In 2011, the Social Security Administration (SSA) resumed sending "no-match" letters to employers. A no-match letter is sent when employees’ names and social security numbers (SSNs) on their W-2 forms do not match SSA records.
What are Some Innocent Reasons for No-Match Letter?
A non-match of employees name and SSNs may occur for many innocent reasons:
- Name and/or SSN misspelling
- Name change
- Hyphenated or compound names
- Mistakes or incompletes in W-2 and / or W-4 forms
- Identity theft
Does A No-Match Letter Indicate Employer or Employee Liability?
A no-match letter should not be construed against an employee. An employee should not be viewed as undocumented due to a no-match letter.
The SSA no-match letter does not show an employee’s immigration status. Therefore, receipt of a no-match letter does not infer that an employer had constructive knowledge that an employee may lack authorization to work. However, an employer’s failure to address a no-match letter may lead to liability.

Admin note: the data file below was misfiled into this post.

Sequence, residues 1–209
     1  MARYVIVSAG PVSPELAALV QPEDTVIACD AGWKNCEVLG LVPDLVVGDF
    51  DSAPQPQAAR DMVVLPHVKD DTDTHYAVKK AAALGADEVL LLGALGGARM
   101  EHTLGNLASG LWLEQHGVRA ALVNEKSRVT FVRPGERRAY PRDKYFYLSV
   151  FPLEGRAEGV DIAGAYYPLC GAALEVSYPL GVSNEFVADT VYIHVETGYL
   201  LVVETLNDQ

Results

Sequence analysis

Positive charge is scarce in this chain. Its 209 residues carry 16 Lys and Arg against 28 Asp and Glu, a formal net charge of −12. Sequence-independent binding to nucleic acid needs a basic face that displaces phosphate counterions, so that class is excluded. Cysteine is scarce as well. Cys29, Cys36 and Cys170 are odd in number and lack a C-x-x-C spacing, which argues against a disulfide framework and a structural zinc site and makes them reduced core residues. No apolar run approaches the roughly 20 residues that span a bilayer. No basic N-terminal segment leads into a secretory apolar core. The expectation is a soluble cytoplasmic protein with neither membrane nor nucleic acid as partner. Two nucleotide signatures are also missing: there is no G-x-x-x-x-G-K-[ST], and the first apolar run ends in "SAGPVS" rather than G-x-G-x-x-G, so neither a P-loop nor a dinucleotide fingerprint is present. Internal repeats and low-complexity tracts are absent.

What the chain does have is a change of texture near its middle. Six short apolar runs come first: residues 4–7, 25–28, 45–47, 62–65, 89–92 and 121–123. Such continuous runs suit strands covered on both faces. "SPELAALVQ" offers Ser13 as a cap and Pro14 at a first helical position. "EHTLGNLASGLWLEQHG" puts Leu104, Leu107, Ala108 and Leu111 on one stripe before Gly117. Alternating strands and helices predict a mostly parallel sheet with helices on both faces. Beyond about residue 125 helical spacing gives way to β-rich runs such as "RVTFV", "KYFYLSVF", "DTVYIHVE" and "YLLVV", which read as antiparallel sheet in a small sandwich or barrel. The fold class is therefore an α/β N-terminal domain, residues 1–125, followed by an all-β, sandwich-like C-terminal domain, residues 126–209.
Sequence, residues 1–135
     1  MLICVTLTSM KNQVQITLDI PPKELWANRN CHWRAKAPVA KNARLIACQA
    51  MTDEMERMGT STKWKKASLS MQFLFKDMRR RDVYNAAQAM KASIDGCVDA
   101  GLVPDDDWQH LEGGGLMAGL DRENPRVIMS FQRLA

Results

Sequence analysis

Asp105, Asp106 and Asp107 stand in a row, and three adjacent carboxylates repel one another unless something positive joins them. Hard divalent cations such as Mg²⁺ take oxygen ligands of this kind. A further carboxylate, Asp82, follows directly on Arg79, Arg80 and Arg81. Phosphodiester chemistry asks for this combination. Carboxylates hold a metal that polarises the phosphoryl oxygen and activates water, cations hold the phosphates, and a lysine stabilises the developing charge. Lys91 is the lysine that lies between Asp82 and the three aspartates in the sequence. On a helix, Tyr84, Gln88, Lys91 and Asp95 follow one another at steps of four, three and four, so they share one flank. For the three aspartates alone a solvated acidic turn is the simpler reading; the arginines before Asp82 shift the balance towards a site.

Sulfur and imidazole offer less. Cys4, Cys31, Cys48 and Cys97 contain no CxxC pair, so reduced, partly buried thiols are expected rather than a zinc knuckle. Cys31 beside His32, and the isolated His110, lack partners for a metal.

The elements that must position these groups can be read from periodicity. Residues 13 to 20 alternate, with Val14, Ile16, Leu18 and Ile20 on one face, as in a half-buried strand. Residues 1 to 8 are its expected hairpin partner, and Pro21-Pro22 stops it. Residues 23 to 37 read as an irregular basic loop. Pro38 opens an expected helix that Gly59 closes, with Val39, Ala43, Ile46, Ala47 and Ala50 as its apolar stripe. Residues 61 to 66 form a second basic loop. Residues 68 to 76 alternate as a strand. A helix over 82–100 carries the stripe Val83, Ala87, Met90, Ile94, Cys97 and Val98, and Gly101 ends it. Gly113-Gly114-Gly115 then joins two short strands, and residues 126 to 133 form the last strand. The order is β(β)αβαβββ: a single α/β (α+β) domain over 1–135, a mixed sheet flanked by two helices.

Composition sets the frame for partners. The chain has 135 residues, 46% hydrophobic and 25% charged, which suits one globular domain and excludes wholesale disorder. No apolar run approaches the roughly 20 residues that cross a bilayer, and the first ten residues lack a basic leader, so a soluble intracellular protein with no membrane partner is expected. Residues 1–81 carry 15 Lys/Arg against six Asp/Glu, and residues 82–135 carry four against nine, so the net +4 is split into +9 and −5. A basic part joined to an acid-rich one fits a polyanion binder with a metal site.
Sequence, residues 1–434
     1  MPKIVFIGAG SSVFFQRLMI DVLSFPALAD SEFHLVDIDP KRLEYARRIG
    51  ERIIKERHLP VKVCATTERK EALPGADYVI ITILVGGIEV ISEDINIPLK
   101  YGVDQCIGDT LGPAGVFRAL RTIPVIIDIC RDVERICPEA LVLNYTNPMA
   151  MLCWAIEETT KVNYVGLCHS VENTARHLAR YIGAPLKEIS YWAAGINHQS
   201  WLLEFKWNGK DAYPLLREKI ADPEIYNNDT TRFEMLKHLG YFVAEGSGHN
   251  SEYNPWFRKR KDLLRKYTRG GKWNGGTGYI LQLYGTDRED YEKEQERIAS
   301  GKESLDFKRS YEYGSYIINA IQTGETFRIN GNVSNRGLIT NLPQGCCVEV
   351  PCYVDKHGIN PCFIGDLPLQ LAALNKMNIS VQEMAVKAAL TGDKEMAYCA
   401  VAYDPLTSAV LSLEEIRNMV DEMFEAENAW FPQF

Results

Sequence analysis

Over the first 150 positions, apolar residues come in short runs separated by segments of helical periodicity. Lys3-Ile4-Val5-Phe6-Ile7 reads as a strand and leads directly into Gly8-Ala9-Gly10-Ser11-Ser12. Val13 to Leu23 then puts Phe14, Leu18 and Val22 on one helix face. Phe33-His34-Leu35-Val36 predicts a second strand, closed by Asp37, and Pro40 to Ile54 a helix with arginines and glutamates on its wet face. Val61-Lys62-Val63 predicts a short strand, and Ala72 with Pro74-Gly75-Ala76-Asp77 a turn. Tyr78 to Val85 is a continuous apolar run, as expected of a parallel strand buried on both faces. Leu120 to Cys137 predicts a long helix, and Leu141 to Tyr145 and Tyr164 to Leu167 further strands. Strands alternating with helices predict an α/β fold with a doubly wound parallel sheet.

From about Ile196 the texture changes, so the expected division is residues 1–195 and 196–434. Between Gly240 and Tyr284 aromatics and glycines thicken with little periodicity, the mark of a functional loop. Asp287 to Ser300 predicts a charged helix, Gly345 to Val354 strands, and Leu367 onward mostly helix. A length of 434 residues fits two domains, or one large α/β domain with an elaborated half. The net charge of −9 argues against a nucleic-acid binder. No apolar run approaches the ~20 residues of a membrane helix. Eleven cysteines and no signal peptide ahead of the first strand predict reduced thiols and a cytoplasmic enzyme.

What Steps Should Employers Take?
Employers should follow reasonable steps and periodically meet with employees to address this issue. The resolution must occur within a reasonable timeframe. Employers should take the following reasonable steps:
- Check employee’s SSN and name against payroll and other records
- Warn employee about no-match letter and ask employee to verify SSN and name
- Tell employee to get in touch with SSA to updated the records
- Check in with affected employee(s) systematically to verify issue resolution
- Try getting correct information even from a past employee
- May want to document steps taken to address the no-match letter
- Submit correct information to SSA
Employer cannot fire, suspend, or take any other adverse action against an employee based on the receipt of SSA no-match letter. Employers should not use no-match notice, or the fact that an employee complaints about how the issue had been addressed, to discriminate or retaliate against employees. Doing otherwise may violate anti-discrimination provisions of Immigration and Nationality Act (INA) as well as other state and federal laws.
Should I Ask for Help from an Attorney?
Employers may need an experienced immigration attorney because resolving no-match letter issues is part of form I-9 compliance. A qualified government attorney will help responding to new no-match letters and dealing with the old ones, as well as developing a standard plan of responses for the future.
If, as an employee, you had been terminated or discriminated against because of a no-match letter, a qualified employment attorney may help you.